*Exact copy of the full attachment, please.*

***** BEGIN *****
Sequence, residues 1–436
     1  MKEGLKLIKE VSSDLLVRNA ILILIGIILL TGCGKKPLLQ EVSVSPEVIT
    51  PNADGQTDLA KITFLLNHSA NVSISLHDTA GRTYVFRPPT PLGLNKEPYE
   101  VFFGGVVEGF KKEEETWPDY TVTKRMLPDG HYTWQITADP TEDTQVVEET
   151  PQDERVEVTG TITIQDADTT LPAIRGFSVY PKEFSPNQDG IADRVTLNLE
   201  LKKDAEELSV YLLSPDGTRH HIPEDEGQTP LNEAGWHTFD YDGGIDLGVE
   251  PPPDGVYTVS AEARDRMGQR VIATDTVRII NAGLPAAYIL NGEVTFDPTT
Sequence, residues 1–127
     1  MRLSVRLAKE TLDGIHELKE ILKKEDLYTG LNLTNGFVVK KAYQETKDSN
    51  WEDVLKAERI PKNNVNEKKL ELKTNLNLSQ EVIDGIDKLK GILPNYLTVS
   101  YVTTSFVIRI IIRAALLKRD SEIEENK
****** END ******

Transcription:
Sequence, residues 1–436
     1  MKEGLKLIKE VSSDLLVRNA ILILIGIILL TGCGKKPLLQ EVSVSPEVIT
    51  PNADGQTDLA KITFLLNHSA NVSISLHDTA GRTYVFRPPT PLGLNKEPYE
   101  VFFGGVVEGF KKEEETWPDY TVTKRMLPDG HYTWQITADP TEDTQVVEET
   151  PQDERVEVTG TITIQDADTT LPAIRGFSVY PKEFSPNQDG IADRVTLNLE
   201  LKKDAEELSV YLLSPDGTRH HIPEDEGQTP LNEAGWHTFD YDGGIDLGVE
   251  PPPDGVYTVS AEARDRMGQR VIATDTVRII NAGLPAAYIL NGEVTFDPTT
Sequence, residues 1–127
     1  MRLSVRLAKE TLDGIHELKE ILKKEDLYTG LNLTNGFVVK KAYQETKDSN
    51  WEDVLKAERI PKNNVNEKKL ELKTNLNLSQ EVIDGIDKLK GILPNYLTVS
   101  YVTTSFVIRI IIRAALLKRD SEIEENK